For many couples seeking a divorce, the biggest battle they will have with one another will stem from the ownership or possession of their marital home. It’s common for both spouses to want to assert their right to stay in the marital home. People often view retaining the home as a sign of winning in the divorce.
However, asset division during a divorce in Connecticut isn’t a process that you can win or lose. Instead, it is meant to be as fair as possible to everyone involved. Retaining the home isn’t a sign of winning, as the courts will offset its value with other assets. Before you start fighting for the home, you need to ask yourself some important questions.
Can you afford the home on your own?
If the courts decide to let you stay in the home, they will generally expect you to refinance the property. Doing so will allow you to remove your ex both from the deed and the mortgage simultaneously. You will typically have to cash out some of the equity in the home to pay your spouse for their share of the property.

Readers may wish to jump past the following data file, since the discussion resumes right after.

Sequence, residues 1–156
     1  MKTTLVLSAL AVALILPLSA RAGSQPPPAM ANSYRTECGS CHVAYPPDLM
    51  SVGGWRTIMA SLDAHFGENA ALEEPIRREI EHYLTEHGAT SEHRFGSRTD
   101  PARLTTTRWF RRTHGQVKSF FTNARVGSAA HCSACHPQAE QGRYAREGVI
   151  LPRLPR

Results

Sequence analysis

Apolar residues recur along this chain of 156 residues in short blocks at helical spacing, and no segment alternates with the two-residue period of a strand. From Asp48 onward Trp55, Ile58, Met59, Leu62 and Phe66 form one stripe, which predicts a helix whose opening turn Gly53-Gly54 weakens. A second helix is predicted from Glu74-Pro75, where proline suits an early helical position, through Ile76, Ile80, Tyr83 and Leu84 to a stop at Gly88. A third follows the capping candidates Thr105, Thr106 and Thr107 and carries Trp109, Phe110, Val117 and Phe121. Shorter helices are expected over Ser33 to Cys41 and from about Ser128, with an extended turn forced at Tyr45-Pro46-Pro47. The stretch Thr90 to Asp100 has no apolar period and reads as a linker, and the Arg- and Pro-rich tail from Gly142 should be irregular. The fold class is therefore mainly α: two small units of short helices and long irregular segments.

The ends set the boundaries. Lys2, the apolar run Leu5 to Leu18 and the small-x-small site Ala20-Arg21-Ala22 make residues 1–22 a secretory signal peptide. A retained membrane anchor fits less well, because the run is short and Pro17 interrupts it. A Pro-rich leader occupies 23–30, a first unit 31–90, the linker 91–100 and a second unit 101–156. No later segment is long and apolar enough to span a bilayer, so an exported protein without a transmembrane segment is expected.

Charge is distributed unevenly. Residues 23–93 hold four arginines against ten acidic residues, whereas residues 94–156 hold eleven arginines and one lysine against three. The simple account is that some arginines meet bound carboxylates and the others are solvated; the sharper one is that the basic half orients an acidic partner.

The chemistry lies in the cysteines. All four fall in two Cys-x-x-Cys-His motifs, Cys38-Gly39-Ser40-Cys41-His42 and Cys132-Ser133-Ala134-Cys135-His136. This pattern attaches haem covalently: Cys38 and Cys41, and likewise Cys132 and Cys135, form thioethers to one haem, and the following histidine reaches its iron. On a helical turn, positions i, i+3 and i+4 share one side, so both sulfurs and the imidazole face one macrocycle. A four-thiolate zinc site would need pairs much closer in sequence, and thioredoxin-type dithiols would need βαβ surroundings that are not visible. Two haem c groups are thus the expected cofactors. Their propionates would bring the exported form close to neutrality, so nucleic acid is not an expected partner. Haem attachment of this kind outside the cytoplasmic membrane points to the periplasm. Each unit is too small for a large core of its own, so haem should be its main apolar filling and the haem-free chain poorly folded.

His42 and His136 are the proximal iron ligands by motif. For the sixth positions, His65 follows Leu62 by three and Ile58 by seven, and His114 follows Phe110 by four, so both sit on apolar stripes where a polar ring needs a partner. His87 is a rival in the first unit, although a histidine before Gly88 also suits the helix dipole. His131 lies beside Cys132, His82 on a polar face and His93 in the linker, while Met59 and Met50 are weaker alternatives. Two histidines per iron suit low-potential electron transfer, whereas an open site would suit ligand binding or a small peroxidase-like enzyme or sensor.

That could mean that your mortgage payment after divorce will be substantially higher than the one before. Are you in a situation where you can reasonably pay your existing mortgage or a higher amount? Is your credit good enough to carry a mortgage on your own? If your answer to either of these questions is no, maintaining the marital home may not be your best option.
Do you have kids, and if so, who has custody?
Staying in the marital home as much as possible can make the transition to life after divorce easier on kids, especially younger children or kids with special needs. If you don’t intend to request shared or primary custody of your children, it may be in their best interests for you to allow your ex to stay in the home and provide as much stability as possible for the kids.